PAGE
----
8. “Usually, by the end of my day, I feel that I haven’t managed to do even a fourth of what I planned to do…”
    Like my friend recently wrote me: “Always planning, always planning, planning to switch to the new 48 hour day when it is brought in.”

    Regarding #13: I would love to live without an alarm clock, but then I would probably be late for slavery/work during the weekdays.

    • When I was younger, I was an exceptionally strong man, and could work very quickly. As I grew older, I grew slower, but I still tend to plan work according to my abilities in the past… and then don’t manage to do as much as I have planned. I hope I will soon learn to be more realistic. But I can assure you that we lose nothing by sleeping as much as our body needs. For afterwards we have such greater strength, that we can really accomplish more that what we can when we are deprived of sleep. Thank you so much for dropping by, Cardinal. Always glad to hear your comments.

  9. J. Randall Stewart

    Appreciate your approach to people. It’s refreshing. It seems the willingness to tolerate others differences grows less and less, and the desire to only engage those who affirm our own beliefs is strong in all of us. I’ve had a week being challenged by some individuals who are almost on the opposite extreme of myself in some important areas, but I’ve been so refreshed by the experience. Only hearing what we already know and believe can make us dull, in mind and in spirit. Having someone point a finger in our face and tell us we’re wrong can be very jolting, but there’s nothing like a good jolt to yank us out of the mud of complacency and mental laziness.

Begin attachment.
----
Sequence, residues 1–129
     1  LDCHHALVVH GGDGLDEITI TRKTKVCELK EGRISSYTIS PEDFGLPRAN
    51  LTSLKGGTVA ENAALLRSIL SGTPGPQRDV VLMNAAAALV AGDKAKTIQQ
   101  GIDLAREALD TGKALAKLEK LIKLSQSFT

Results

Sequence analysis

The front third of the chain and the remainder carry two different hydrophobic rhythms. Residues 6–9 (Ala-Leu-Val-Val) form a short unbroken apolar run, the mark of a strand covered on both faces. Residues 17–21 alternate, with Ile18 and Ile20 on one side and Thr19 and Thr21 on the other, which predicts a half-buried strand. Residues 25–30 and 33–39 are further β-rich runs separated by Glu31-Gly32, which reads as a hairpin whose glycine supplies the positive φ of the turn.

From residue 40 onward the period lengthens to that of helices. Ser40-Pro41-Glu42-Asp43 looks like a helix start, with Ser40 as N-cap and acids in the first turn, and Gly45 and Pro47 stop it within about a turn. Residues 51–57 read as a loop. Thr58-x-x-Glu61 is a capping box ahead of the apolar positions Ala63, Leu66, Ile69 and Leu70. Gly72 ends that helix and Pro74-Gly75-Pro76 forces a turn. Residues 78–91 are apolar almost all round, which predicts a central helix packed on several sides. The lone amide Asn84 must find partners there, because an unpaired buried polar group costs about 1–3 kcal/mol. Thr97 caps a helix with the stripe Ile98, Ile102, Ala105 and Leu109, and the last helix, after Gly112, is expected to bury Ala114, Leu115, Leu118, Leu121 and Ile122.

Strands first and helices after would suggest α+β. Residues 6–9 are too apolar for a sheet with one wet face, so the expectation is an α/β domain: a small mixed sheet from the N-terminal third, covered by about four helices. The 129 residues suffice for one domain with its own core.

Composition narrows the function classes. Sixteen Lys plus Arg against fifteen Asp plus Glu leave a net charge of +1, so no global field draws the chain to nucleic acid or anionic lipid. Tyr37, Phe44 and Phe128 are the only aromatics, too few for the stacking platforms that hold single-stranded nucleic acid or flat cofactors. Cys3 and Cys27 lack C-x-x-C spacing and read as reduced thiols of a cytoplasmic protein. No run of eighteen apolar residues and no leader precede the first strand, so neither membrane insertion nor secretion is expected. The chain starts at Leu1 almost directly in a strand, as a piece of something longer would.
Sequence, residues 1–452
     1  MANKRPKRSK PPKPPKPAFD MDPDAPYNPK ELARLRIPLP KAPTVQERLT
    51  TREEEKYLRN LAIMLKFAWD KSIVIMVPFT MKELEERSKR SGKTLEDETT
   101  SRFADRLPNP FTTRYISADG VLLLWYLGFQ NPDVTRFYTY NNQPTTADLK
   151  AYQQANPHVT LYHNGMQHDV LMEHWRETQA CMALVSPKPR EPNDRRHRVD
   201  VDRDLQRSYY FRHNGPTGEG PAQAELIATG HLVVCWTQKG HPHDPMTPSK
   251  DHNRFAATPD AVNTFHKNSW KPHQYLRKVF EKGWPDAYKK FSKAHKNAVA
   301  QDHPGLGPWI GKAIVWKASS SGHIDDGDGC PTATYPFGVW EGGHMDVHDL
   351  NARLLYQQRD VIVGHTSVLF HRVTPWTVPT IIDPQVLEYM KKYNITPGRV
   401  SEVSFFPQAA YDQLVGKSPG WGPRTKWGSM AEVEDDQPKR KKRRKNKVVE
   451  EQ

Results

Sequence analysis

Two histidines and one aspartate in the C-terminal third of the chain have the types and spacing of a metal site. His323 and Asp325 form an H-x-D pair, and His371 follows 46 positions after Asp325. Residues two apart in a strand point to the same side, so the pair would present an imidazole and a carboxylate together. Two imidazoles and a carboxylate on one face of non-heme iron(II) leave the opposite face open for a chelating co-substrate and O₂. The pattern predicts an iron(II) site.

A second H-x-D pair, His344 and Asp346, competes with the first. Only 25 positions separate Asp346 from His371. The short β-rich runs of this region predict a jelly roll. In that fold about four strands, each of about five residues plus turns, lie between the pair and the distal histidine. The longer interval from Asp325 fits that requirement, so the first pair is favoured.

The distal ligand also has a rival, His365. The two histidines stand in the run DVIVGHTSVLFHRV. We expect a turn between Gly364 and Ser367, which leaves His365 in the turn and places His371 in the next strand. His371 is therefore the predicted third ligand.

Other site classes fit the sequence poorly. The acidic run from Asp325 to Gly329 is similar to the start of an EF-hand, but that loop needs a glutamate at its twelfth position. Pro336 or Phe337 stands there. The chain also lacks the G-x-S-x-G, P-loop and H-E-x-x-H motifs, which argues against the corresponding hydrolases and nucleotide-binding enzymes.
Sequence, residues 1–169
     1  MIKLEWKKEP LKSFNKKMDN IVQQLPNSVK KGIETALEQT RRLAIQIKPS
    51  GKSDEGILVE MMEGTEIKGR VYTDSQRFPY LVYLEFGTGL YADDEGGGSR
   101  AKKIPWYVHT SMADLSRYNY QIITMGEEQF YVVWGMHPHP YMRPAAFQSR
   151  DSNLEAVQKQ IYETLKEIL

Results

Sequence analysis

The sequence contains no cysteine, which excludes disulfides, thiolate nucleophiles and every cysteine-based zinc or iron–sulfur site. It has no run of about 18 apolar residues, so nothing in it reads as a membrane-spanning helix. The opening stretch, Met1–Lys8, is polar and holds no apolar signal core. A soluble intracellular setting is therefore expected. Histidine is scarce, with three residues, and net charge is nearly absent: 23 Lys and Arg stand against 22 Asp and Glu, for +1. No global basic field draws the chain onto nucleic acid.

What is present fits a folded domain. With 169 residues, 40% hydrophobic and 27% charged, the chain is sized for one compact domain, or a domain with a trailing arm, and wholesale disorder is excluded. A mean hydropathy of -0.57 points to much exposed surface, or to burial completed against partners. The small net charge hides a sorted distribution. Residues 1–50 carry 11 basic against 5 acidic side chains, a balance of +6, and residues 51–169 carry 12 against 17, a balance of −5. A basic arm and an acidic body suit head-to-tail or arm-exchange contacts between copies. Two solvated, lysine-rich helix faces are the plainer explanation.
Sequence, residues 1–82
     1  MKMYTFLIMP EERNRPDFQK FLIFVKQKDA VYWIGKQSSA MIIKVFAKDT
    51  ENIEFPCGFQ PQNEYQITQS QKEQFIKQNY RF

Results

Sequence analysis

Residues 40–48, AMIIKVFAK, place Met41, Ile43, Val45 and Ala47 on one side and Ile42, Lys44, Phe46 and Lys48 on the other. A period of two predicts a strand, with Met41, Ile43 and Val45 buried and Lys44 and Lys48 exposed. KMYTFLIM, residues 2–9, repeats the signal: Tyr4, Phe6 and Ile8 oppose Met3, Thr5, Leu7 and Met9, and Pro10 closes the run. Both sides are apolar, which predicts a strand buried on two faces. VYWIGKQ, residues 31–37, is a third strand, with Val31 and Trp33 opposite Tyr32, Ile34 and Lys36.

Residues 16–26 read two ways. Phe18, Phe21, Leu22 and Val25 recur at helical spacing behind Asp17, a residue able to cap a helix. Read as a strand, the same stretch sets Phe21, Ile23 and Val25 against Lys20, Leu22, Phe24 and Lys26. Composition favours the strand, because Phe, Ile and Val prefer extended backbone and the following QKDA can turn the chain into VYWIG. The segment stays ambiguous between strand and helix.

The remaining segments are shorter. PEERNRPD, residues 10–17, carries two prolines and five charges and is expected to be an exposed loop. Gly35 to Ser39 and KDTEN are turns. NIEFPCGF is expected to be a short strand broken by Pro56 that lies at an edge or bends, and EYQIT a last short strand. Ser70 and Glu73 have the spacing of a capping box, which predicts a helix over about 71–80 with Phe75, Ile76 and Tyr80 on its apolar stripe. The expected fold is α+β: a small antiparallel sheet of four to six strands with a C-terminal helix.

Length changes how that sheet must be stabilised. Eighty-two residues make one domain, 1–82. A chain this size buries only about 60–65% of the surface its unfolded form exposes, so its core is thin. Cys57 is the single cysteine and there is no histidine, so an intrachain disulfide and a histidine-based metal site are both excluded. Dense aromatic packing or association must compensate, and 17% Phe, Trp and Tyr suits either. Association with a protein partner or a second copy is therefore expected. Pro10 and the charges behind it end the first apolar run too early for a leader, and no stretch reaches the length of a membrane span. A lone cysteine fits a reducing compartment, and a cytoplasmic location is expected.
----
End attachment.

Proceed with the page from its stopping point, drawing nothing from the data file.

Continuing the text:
Good thoughts.

    J a s o n

    • Hi Jason. You know, some people see tolerance as an act of graciousness towards others. And this can actually trip us up. You and I realize that we gain the greatest advantage from being open to others. I like to see people converse pleasantly, without pointing a finger at one another, but I certainly agree with you, that being open to others is a sign of strength, and it affords us the possibility of being conscious of the world around us. Thank you very much for coming by, and commenting.

  10. Afternoon Shimon, I’m smiling reading your post! The telling of a good story is an art or maybe a gift, I don’t know but I do know you can tell a good story. I often read blogs that list things as you describe and I find myself glossing over them not really reading at all, maybe that’s because they are exhorting me to do things their way, and I can get a bit stubborn! For no though I’ll focus on the respect angle of your post as I’m a firm believer in it, we can’t function as a world without it. Thank you again!

    • I want you to know, Claire, how happy it makes me to think of you smiling as you read my post. For me, that is success. And thank you for your kind words. It’s a bit of a problem talking about values on a blog. For we don’t know all our readers, and we don’t know what they already know, and what they’ve already experienced. And so that takes us back to respect. We can communicate better, if we remember we are talking to our friends. Thank you so much for your comment.

  11. If you really try hard, no matter how bad things get, you can find a way to if not be happy, at least not be miserable. You have look for good stuff … Bad stuff is obvious, good isn’t so easy to see, but it’s always there. Somewhere. A whisper, not a shout.